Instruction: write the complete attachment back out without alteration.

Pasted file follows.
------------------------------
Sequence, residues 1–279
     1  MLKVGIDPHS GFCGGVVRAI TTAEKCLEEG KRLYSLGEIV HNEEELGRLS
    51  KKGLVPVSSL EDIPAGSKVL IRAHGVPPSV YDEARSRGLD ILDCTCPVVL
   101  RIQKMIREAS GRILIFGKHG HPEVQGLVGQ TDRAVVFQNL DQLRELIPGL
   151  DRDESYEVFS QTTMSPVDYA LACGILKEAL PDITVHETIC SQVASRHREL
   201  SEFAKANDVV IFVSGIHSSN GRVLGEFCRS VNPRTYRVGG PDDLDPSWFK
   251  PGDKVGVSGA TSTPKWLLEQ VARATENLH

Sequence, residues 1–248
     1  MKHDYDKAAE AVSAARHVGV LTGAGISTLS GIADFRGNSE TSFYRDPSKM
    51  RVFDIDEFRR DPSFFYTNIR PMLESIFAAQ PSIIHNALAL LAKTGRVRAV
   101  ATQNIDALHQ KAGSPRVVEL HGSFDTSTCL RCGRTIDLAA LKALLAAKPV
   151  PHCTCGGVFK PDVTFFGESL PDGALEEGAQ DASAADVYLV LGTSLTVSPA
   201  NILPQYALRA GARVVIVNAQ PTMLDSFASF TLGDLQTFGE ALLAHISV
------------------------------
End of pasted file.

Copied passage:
Sequence, residues 1–279
     1  MLKVGIDPHS GFCGGVVRAI TTAEKCLEEG KRLYSLGEIV HNEEELGRLS
    51  KKGLVPVSSL EDIPAGSKVL IRAHGVPPSV YDEARSRGLD ILDCTCPVVL
   101  RIQKMIREAS GRILIFGKHG HPEVQGLVGQ TDRAVVFQNL DQLRELIPGL
   151  DRDESYEVFS QTTMSPVDYA LACGILKEAL PDITVHETIC SQVASRHREL
   201  SEFAKANDVV IFVSGIHSSN GRVLGEFCRS VNPRTYRVGG PDDLDPSWFK
   251  PGDKVGVSGA TSTPKWLLEQ VARATENLH

Sequence, residues 1–248
     1  MKHDYDKAAE AVSAARHVGV LTGAGISTLS GIADFRGNSE TSFYRDPSKM
    51  RVFDIDEFRR DPSFFYTNIR PMLESIFAAQ PSIIHNALAL LAKTGRVRAV
   101  ATQNIDALHQ KAGSPRVVEL HGSFDTSTCL RCGRTIDLAA LKALLAAKPV
   151  PHCTCGGVFK PDVTFFGESL PDGALEEGAQ DASAADVYLV LGTSLTVSPA
   201  NILPQYALRA GARVVIVNAQ PTMLDSFASF TLGDLQTFGE ALLAHISV